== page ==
Australia Earns A Spot At The Next Counter-Strike Major, While China’s Rise Continues

Things were looking shaky for a while this weekend at the Asia Minor, a qualifier for the US$1 million ESL One Cologne event later this year. Eight teams rocked up, two of them Australian — and that was only after a public furore that resulted in the organisers behind forced to hold an extra qualifier for Oceania.

But while things had been quietly improving for Australian Counter-Strike, the group stages looked tricky. But both Australian teams managed to pull out enough solid performances, with Renegades securing a spot to fly the Australian flag in Germany.

2016 has been a fantastic year for Counter-Strike. Prize pools have been increased substantially. There are weekly televised leagues again. China is betting on Counter-Strike as their next big esport. And the money machine behind streams and stickers has opened up a world of possibility for gamers to turn pro in a way that wasn’t an option before.

It hasn’t been that great for local Counter-Strike, although things have been improving. IEM Taipei was an abject failure, with Mongolia’s top team rolling over the Australian representatives in an almost comical fashion.

But then things began to improve. Renegades performed admirably in the ESL Pro League, eventually finishing 7th after spending the majority of their time flirting in playoff contention and earning US$20,000 for their efforts. Immunity even recovered from having one of their stars poached in the post-Taipei panic shuffle and qualified for the Asian Minor following a tight tight tussle with new Australian super-team Legacy Esports.

And then the Australian teams drew the worst groups possible.

Counter-Strike is getting real big in China, and South East Asia by extension. But it’s not just because a lot of money is being funnelled into the game — it’s also because the Chinese teams are real good.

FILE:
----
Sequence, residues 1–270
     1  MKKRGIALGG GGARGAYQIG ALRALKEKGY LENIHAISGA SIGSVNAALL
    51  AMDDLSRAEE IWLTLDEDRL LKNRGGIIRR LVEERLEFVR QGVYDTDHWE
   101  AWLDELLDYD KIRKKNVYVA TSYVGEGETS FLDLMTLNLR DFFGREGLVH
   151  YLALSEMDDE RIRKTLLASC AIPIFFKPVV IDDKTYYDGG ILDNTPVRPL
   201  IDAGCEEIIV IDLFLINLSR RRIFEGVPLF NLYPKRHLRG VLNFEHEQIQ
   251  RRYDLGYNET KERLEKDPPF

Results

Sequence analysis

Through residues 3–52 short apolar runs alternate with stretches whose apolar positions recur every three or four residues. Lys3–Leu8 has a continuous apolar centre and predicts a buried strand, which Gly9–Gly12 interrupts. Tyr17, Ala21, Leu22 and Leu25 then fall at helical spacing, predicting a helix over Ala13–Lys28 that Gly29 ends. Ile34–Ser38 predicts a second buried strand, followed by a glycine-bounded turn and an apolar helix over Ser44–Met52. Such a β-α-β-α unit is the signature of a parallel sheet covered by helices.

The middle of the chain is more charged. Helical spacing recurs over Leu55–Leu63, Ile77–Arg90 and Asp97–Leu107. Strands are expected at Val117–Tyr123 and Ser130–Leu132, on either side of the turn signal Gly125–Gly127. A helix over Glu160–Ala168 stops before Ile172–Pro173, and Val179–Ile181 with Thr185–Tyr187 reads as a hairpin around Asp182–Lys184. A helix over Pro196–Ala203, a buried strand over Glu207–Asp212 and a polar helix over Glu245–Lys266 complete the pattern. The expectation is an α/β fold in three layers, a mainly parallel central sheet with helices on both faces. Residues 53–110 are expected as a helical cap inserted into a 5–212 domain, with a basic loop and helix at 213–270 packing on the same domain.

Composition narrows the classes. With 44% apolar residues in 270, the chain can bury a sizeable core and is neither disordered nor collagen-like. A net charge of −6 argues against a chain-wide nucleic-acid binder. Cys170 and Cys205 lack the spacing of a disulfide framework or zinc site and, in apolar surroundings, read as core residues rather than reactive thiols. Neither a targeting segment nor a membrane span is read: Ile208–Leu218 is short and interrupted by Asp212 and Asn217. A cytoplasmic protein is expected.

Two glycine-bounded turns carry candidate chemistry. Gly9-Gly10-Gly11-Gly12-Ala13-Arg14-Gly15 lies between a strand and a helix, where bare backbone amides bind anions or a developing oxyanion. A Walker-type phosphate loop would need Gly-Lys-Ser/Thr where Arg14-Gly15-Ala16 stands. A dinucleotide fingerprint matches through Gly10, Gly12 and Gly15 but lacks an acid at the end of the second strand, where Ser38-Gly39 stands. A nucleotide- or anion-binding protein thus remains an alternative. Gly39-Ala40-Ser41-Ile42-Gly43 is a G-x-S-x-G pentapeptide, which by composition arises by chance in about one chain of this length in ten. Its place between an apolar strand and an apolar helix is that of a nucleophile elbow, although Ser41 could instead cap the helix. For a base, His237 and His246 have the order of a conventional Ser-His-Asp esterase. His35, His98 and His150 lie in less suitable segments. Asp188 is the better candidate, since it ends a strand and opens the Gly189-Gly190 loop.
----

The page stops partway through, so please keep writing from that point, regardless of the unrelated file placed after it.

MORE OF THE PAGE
The two biggest names in Chinese CS today are TyLoo and CyberZen. The latter has recently been picked up by Vici Gaming, a name more commonly known for their presence in the Dota 2 world. Both had developed a fearsome reputation over the recent months: TyLoo was fresh off upset wins against Team Liquid and MLG Columbus champions Luminosity at DreamHack Malmo, while CyberZen set themselves apart their Australian rivals in recent online qualifiers.

Despite a slightly tricky draw, both Australian teams escaped from the group stages largely unscathed. Renegades came off second-best in their clash against TyLoo, but they avoided dropping any further maps on their way to the elimination stages. Immunity also put the current bogeyman of Australian CS back in their place by knocking MongolZ, the Mongolian team that wreaked havoc on the Australian scene at IEM Taipei, out of the tournament.

Immunity’s obliteration of CyberZen in the group stages also ensured that the two Australian teams would be playing each other first off in the playoffs. The winner would still have to scythe through TyLoo to earn a spot at Cologne, but it was a step closer nonetheless.

The video above has plenty of crazy plays from the other Asian teams, although that’s part and parcel of how the region plays Counter-Strike: high risk for very high reward. Australian teams tend to gamble a little less, although throughout CSGO our region has had the benefit of vastly more exposure and experience internationally (not having issues with visas helps immensely in that regard).

Immunity ended up running out of steam by the end, although their improvement suggests they’ll make an appearance at a major before the year is done. The improvement of Renegades indicates they should be making a regular appearance at the larger tournaments, although whether they can consistently upset top 10 teams remains to be seen.

Given that Australia is struggling for results internationally — Chiefs were knocked out of the group stages at the mid-season International Wild Card Invitational, foreign invaders thrashed Australians at the recent Crown Invitational and Avant Garde couldn’t buy a win at the world SMITE championships — it’s a positive sign for local esports.

The other storyline amongst all of this is the rise of China. As CSGO continues to gain popularity in the region, so does the proliferation of tournaments. And if Australian teams can keep pace with their rivals in China and South East Asia, they’ll keep giving tournaments a reason to invite them.

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